Now, my post is done. I didn’t want to write it, but I did. It’s not my best, but it will suffice. And now I can get on with my life. In the past, I would have spent three hours wondering whether I should try and ‘force’ myself to do it and it would have been a miserable goddamn three hours.

Author: JD Mader

JD Mader is an award winning short story writer and novelist. 'Joe Café' and 'The Biker' are out now, as well as 'Please, no eyes'. and the collaborative 'Bad Book'. Mader has been writing for half his life and has no plans on stopping any time soon. Learn more about JD Mader at his blog and his Amazon author page.

38 thoughts on “Psych Out”

  1. What you are talking about is being professional, which is dangerously close to being businesslike but not the same thing. Being businesslike would require you to wear three-piece suits and polished shoes; being professional means things like being able to write to deadline, being able to slant your content (as in copywriting) and being able to produce prose on demand and to specifications. A writer can be a writer without being professional, and certainly some of history’s most brilliant and successful writers have been totally unprofessional flakes. The higher the level of talent, the more there really is a muse, and the more the ideal conditions for writing are required. So your advice applies only to those of us (me included) who don’t have brilliance inside us. If someone were the next Dostoyevski, I’d encourage them to ignore you.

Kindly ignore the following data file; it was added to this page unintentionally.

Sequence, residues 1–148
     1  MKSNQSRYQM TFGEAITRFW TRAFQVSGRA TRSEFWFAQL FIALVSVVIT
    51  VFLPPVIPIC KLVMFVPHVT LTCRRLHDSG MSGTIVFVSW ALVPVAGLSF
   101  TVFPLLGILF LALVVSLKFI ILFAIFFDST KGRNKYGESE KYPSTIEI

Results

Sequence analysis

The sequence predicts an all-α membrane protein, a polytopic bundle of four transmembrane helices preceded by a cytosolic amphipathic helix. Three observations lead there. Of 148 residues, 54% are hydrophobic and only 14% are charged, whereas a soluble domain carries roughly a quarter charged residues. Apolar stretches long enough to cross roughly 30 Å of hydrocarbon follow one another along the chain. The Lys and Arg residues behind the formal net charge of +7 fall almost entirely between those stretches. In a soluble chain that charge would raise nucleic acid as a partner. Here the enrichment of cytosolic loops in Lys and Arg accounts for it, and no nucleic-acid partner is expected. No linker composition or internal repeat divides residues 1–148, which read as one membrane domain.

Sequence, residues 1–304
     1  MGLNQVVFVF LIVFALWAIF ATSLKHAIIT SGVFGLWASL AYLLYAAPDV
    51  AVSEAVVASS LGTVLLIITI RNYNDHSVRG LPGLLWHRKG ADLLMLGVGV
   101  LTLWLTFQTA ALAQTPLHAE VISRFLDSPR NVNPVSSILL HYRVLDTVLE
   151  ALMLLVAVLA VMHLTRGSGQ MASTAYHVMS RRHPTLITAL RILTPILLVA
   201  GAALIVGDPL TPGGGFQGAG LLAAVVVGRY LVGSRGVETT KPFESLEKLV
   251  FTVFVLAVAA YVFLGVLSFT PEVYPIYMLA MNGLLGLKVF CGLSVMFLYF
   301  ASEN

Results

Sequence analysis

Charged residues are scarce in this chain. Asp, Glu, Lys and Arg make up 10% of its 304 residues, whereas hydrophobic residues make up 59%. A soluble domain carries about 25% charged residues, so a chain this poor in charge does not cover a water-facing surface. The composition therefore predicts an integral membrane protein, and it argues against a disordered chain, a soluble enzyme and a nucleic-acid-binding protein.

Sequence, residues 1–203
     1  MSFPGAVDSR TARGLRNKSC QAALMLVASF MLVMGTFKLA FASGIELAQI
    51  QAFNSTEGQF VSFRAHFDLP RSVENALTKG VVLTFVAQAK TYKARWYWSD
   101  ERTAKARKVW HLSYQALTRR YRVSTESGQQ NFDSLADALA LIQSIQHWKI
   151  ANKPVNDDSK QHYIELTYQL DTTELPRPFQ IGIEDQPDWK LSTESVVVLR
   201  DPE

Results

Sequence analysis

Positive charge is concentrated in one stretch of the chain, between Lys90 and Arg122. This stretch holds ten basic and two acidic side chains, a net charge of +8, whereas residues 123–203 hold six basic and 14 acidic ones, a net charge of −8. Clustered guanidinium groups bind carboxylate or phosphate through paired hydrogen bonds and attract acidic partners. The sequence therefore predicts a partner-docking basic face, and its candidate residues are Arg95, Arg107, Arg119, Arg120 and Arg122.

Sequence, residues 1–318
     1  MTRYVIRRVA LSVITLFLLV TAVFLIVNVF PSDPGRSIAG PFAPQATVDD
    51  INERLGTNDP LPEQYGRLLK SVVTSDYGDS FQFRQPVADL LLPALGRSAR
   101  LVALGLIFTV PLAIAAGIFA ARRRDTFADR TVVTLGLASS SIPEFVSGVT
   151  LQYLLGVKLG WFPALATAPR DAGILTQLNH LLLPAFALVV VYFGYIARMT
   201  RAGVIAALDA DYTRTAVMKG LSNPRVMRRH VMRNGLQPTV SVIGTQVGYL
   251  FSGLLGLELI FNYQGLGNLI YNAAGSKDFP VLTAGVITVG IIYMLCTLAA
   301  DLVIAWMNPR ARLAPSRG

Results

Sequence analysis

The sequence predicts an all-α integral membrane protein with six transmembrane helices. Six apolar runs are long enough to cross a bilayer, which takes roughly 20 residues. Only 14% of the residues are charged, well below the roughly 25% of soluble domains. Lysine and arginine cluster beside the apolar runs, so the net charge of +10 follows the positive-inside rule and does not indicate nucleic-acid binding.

1. We’re gonna have to amicably disagree. 😉 I used to think that way, but I have seen it proven many times by brilliant writers – I’d bet all the money I have that the greats could bust out something pretty impressive on demand if asked. And if they were willing to comply. That willingness part is huge. Thanks for the comment.

  2. Good article, but please – My rationalizations are one of the few things left to me at my advanced age. Take those away and what is left? I’m not sure why if I don’t feel like writing I should also add guilt to the equation. Although guilt is nice too. Okay, so I have a few things left. Rationalizations and guilt. There are probably some other leisure activities I can substitute for writing when I don’t feel like writing. I just forget what they are. Advanced years, a polite way of saying, I’m old leave me alone. Gotta run, there are some kids on my lawn. I’d write something, but someone’s got to get those damn kids off the lawn. Where are their parents, anyway?

  3. Wait, so you’re telling me that when I count to 861 while stretching and unstretching a length of elastic and tapping out the rhythm for “Bring da Ruckus” by Wu Tang Clan I’m just wasting my time, G?